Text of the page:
One afternoon he took a little stroll down thru a field and thru a forest, 'til he could hear the water running along there. And he met his woman down there. And he told her she'd been cheatin' on him one too many times. And he reached down in his pocket and he pulled a little revolver out. Said "honey I hate to do this but you pushed me too far".

By the time he got back to town he knew he had to answer to somebody pretty quick. He went back to his house and he sat down on his front porch. About two hours later the sheriff's car pulled up out front. It started sinkin' in on him what he'd done. The sheriff walked up the sidewalk, he said "come with me son, I want to ask you a few questions".

As he heard the jail door shut behind him he sat down on a little wooden bench. And he looked out of the door - thru those bars - at this kind of wimpy looking sheriff out there. He started getting mad again and he realized what he had done.

There wasn't nothing he could do about it now though. He just sat down and put his head down and he started thinking to himself "I'm all by myself here, there's nobody on my side....."
- Esteban, Tacoma, WA
Yes. I second what Victoria said. In an interview with the Neil Young he said this song was about "... blowing your thing with a chick. There is no violence in it."
- Esteban, Tacoma, WA
the guitar on this song is something else!
- nikhil, mumbai, India
I have always believed this was a quasi-blues murder ballad and that the lyrics were meant to be abstract, and Neil has said nothing to change my mind.
- Ekristheh, Halath, United States
Was a shortened version of this ever released as a single? I thought that I only became aware of this song in the early '80s, but some lines bring back memories that I can't quite grasp...
- Reg, Kemptville, ON, -
the song is about a guy making love to his woman, it's as simple as that. think about it, he (shot his baby). his gun was loaded, but not with a bullit
- ed, lake city, FL
This is just a damn good song no matter what you read into it.
- Jami, Redding, CA
Rob, I never thought of the abstract thing, hut I can totally agree with you on that one.
- Farrah, Elon, NC
I like the drug interpretation but I agree with david. There are many other songs that use the "I shot my baby" type lyrics in blues and just for jamming.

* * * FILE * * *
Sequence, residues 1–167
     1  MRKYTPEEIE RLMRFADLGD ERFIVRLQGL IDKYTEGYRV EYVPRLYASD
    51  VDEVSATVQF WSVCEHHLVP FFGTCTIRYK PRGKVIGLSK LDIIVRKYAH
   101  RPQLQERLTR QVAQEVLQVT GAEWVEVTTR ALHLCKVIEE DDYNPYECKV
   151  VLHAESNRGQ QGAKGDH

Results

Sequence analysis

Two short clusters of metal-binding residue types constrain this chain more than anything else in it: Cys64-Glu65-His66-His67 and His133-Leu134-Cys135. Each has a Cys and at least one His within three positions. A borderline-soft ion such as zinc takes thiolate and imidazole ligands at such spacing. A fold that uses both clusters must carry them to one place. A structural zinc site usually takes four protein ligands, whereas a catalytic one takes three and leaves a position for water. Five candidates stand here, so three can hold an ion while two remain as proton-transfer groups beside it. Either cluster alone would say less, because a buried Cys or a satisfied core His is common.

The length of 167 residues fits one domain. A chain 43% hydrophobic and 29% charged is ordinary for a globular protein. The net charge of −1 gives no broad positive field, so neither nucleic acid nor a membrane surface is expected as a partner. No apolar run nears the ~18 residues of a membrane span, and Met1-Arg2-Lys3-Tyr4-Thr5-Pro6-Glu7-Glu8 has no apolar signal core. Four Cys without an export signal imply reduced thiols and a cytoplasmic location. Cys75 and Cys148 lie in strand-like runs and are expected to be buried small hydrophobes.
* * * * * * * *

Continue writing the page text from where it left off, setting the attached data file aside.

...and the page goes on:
- apeek19, atlanta, GA
Well victoria you're wrong about that.. Scorcese had to reshoot part of THe Last Waltz because Neil had a visible lump of cocaine hanging from his nose during Helpless. As for Neil'slyrics.. i think its alove song in the vein of "Hey Joe"...
- Jeff, Chicago, GA
He doesn't have to do 'hard drugs' for long to understand addiction. Needle & The Damage Done is surely about drugs, eh? It makes more sense that Down By The River is about drugs, or any addiction really, than about murder. Or euthanasia, which was my theory.
Neil will always be a Winnipeg boy :)
- 5Cats, Winnipeg, MB
Neil IS the master of abstract.
- Andy, Columbus, OH
So many people want to take Neil Young's lyrics and simplify them by saying "those are about drugs"...it's pathetic lol. I'm not even going to say what it is about, but considering that it's a loose jam in general, I think Neil just wrote some blues type of lyrics that he could go in and out of while they were jamming. The lyrics are probably meant to be abstract.
- David, huntington beach, CA
The song is not about drugs, Neil was not into hard drugs. He didn't shoot the girl in the literal way, it is not what he did, it is his realizational of what he didn't do that cost him the relationship with the girl that he loved.
The 3 songs together give you a picture of his feelings for this girl and the grief suffered when the love was gone, he speaks for both of them by asking her questions in Cowgirl. He knows by now that she loves him but it is too late or is it?
- Victoria, Tacoma, WA
No kidding? I always thought this song was about some dude who offed his old lady!
- Rob, Detroit, MI